MIAMI GARDENS, Fla. (AP) — No. 14 Miami's official stance is that the team wasn't able to practice for more than a week because of Hurricane Irma. That's technically true. The full team wasn't together.
MIAMI GARDENS, Fla. (AP) — No. 14 Miami's official stance is that the team wasn't able to practice for more than a week because of Hurricane Irma.
That's technically true. The full team wasn't together.
But in actuality, quarterback Malik Rosier and some teammates practiced plenty. Rosier was planning to ride out Irma at his Alabama home before being talked into joining some coaches and players on their weeklong evacuation trip to Orlando instead. Rosier said he spent much of that time throwing routes with Miami QB coach Jon Richt, the son of Hurricanes coach Mark Richt, and a few receivers.
"For me, this week off has been a great fundamental week," Rosier said in a statement distributed by the university.
Unbeaten Toledo (3-0) plans to test those fundamentals Saturday, when the Rockets visit the Hurricanes (1-0). It's Miami's first game since Week 1, with Irma forcing the cancellation of Miami's Sept. 9 game at Arkansas State and the postponement of last week's showdown at No. 12 Florida State until Oct. 7.
"Well, it'll be a stiff task, I can tell you that," Toledo coach Jason Candle said. "This is the Miami Hurricanes. They're ranked 14th in the country right now and rightfully so. Playmakers all over the field on offense, really fast team on defense, fly to the football. We've got a stiff challenge ahead of us, that's for sure."
Rosier will be making his third career start. Toledo's hopes rest on the arm of experienced senior quarterback Logan Woodside, who threw for 458 yards and six touchdowns in the Rockets' 54-51 win over Tulsa last week — a game where he rallied his team from a 28-7 deficit.
Woodside raved about Miami's defense, saying he can't recall facing another team that "is as fast and physical" as the Hurricanes. But he also conceded that Toledo knows this game is a big opportunity for its program.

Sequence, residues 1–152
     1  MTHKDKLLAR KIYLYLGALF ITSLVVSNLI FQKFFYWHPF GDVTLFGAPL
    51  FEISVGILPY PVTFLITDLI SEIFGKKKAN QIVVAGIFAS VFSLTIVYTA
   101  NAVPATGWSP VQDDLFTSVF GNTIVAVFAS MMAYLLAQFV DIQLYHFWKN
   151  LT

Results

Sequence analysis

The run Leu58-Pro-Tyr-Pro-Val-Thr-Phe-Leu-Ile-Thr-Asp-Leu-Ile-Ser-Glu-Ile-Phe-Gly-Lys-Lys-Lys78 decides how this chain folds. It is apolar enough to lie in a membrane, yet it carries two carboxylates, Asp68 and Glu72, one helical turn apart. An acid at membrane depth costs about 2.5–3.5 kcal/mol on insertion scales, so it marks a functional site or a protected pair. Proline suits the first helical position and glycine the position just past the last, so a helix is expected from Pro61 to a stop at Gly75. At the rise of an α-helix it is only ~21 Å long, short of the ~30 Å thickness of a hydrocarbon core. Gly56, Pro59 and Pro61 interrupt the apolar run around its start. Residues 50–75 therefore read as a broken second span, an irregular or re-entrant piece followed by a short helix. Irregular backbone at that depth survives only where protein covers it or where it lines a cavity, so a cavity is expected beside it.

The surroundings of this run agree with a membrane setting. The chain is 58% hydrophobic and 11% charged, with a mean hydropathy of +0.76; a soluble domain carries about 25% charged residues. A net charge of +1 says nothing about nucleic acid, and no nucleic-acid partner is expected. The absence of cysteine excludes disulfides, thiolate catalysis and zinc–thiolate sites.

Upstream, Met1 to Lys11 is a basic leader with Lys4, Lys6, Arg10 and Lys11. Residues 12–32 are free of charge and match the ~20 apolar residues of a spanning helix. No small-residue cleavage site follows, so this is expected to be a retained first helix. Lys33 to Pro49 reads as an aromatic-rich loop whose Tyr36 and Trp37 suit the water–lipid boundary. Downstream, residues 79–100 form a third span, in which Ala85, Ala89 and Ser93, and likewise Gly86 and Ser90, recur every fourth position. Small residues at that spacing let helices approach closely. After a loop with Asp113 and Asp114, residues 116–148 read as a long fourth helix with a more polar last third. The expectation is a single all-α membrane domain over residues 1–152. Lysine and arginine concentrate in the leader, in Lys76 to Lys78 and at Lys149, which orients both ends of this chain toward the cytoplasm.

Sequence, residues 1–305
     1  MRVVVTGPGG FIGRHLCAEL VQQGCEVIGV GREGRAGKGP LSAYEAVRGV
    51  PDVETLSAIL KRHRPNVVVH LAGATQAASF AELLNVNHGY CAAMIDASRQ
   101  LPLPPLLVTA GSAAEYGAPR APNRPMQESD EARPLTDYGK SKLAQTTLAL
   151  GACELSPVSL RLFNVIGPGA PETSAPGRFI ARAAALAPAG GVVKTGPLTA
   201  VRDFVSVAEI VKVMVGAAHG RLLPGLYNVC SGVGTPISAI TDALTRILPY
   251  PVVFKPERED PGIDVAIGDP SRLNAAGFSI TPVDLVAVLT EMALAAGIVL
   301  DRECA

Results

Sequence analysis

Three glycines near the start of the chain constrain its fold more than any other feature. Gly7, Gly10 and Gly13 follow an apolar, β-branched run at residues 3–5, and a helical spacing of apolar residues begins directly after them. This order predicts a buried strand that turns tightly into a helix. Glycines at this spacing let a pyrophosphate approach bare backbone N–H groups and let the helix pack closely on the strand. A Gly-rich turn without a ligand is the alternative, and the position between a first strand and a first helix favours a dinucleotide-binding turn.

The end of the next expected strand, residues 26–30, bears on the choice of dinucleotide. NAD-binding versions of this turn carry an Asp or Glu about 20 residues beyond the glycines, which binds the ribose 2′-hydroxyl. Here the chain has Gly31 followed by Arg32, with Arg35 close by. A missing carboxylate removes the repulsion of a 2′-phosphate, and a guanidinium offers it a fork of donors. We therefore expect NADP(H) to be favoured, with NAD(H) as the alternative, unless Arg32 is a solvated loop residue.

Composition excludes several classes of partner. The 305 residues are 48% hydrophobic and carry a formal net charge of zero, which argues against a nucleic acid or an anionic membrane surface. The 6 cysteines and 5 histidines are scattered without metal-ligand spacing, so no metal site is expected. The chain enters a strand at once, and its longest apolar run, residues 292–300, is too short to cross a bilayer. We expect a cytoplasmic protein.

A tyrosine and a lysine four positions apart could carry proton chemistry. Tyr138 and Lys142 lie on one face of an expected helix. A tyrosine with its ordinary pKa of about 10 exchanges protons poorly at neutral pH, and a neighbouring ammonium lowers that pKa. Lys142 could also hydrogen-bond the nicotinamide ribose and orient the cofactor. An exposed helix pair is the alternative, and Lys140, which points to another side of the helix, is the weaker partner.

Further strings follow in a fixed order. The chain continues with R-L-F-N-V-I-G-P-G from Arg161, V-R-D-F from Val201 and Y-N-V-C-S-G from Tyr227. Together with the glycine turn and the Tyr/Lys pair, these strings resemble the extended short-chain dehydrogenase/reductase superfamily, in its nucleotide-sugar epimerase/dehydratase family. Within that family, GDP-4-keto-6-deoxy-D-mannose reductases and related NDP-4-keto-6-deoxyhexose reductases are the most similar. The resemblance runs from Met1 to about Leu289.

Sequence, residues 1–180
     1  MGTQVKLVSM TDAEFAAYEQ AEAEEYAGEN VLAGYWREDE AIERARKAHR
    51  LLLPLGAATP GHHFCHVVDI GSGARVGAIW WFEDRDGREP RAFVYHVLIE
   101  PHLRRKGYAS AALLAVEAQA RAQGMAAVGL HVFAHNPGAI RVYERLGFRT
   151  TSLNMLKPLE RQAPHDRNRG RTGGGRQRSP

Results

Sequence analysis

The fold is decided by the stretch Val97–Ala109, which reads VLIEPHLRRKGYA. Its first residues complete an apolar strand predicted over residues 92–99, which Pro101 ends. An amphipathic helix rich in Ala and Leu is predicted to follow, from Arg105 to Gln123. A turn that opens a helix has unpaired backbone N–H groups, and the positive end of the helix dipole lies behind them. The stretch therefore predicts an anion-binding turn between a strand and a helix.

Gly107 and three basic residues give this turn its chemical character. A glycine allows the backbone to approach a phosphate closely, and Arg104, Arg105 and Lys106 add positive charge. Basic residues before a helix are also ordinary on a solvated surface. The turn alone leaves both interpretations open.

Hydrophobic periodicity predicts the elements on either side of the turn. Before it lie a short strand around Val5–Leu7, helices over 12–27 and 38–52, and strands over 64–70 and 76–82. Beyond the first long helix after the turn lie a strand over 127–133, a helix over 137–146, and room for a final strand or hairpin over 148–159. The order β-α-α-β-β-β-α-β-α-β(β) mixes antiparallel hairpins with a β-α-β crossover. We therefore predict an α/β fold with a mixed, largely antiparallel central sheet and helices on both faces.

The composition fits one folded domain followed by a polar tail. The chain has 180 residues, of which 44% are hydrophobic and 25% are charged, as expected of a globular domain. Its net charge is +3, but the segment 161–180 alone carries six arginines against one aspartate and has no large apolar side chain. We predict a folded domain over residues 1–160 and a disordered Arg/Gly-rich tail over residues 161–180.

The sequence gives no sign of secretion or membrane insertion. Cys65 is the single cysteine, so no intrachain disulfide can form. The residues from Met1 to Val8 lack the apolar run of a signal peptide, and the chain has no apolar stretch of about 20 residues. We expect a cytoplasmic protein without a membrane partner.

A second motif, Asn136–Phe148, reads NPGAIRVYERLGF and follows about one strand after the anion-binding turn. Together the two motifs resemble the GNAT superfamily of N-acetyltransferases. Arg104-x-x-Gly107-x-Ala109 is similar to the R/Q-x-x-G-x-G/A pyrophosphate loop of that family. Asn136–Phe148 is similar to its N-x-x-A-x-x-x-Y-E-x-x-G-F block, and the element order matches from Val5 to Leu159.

"When you come to Toledo, everybody kind of feels they have a little chip on their shoulder," Woodside said. "It'll be good to go down there and play a really good team."
Here's some other things to know going into this game:
20-HOUR RULE: Miami senior associate athletic director for compliance Craig Anderson said the school investigated to make sure it was compliant with NCAA time-limit rules during the evacuation to Orlando. The NCAA says student-athletes cannot participate in "countable athletically related activities" for more than 20 hours per week, and Rosier said he and coaches "talked ball basically the entire time" in Orlando. Miami insists no rules were broken.
BIG HURDLE: Toledo was the overwhelming preseason favorite to win the Mid-American Conference title, and the Rockets only have conference games remaining on their regular-season schedule after this. If they can pull the upset Saturday, how long before pundits start talking about Toledo as a candidate to go 13-0 headed into bowl season?
STREAKING: Miami has won six straight games. That's the Hurricanes' longest streak since a nine-game streak spanning the 2012 and 2013 seasons.
OFFENSIVE MACHINE: Toledo leads the MAC in scoring offense (46 points per game), total offense (552.7), rushing offense (218), passing offense (334.7), passing efficiency (177.4) and first downs (82).
RICHARDS WATCH: The status of Miami WR Ahmmon Richards remains unknown. Richards missed the opener with what the school said was a hamstring issue and Mark Richt said on Sept. 5 that Miami's top returning receiver was "much closer" to making his 2017 debut. But more than two weeks later, there is a chance Richards will sit again. Miami did not release an injury report this week.